'Competing in five Olympics was symbolic - five rings, five continents'

'Competing in five Olympics was symbolic - five rings, five continents'

Nina Zhivanevskaya now coaches at the Torremolinos swimming club she founded with her husband. SUR
Nina Zhivanevskaya now coaches at the Torremolinos swimming club she founded with her husband. SUR
  • The two-time Olympic medallist from Torremolinos participated in five Olympic Games and represented three countries

Torremolinos. Nina Zhivanevskaya has a long list of success stories. She has been a Soviet, Russian and Spanish backstroke swimmer, two-time Olympic bronze medallist (1992 and 2000), world champion, and multiple champion of Europe, Russia and Spain and winner of the Mediterranean Games.

The Torremolinos resident, who founded and coaches youngsters at the local swimming club, competed in five Olympic Games in total, between 1992 and 2008, under three different flags.

Watching the Tokyo Olympics this week has been especially emotional for Nina, bringing back memories and a slight adrenaline rush when watching her own sport - swimming.

Nina, how did you come to represent three countries?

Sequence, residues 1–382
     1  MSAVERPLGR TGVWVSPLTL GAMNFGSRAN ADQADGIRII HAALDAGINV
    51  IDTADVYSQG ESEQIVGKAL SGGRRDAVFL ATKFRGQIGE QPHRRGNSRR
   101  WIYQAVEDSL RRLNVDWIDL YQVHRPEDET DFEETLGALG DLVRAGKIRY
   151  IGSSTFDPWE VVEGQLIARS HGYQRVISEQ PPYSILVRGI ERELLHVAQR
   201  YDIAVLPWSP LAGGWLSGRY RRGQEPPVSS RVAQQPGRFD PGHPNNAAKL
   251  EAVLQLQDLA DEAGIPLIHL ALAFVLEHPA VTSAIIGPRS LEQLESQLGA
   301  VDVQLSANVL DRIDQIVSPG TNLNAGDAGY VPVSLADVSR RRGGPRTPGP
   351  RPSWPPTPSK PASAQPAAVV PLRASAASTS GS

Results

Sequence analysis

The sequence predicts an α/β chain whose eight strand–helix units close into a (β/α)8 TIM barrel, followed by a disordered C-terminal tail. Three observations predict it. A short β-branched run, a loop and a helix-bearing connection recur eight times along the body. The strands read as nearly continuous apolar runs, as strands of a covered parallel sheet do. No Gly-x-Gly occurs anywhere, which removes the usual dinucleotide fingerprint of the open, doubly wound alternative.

I was born in Russia in 1977. In that period my country was the USSR, the Union of Soviet Socialist Republics. In 1991, that enormous country was split into smaller units, 15 republics. The following year, Barcelona hosted the Summer Olympic Games, and it was decided to let sports people from the former Soviet Union (except the Baltic states) participate together for the last time under the name Unified Team. Only at the 1994 Winter Olympics and the 1996 Summer Olympics did the nations that were part of the Unified Team start to make their Olympic debuts as independent countries.

So, after that you started representing Russia...

At the Atlanta Olympics in 1996 I was a member of the Russian team. By then we had our flag and our anthem. As in Barcelona, I competed in three events - 100-metres backstroke, 200-metre backstroke and the 4 x 100 metres medley relay. But unlike in 1992, when we won bronze in the medley relay, this time there were no medals.

Another change of countries came later, but this time thanks to a love story on the Costa del Sol, is that right?

One day in 1999 I arrived on vacation in Torremolinos. I stayed at a hotel, where I accidentally met its director. We immediately got on well. He didn't know I was a swimmer. I didn't know where this story was going to lead me. I ended up falling in love with Francisco. I returned to Russia, and we started building a long-distance relationship. When he suggested we get married, I agreed. Everything happened unpredictably, and lovingly.

At that moment only two questions arose - Where? and How? I had never had any plans to move or to live in another country, especially Spain. And I was considered one of the world's top female backstroke sprinters, and it was obvious that some obstacles might appear. Moreover, the transition of an athlete from one national team to another has always caused a lot of misinterpretations. In the Soviet Union, this definitely would be equated with dissidence. However, at that time 'new' Russia was quite calm about this issue.